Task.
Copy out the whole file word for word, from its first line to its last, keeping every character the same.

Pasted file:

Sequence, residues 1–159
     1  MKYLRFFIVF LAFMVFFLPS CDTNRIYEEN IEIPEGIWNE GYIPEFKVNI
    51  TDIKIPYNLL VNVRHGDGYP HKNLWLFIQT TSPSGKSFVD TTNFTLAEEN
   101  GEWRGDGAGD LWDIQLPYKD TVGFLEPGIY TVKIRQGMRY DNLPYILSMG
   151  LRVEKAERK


Sequence, residues 1–159
     1  MKYLRFFIVF LAFMVFFLPS CDTNRIYEEN IEIPEGIWNE GYIPEFKVNI
    51  TDIKIPYNLL VNVRHGDGYP HKNLWLFIQT TSPSGKSFVD TTNFTLAEEN
   101  GEWRGDGAGD LWDIQLPYKD TVGFLEPGIY TVKIRQGMRY DNLPYILSMG
   151  LRVEKAERK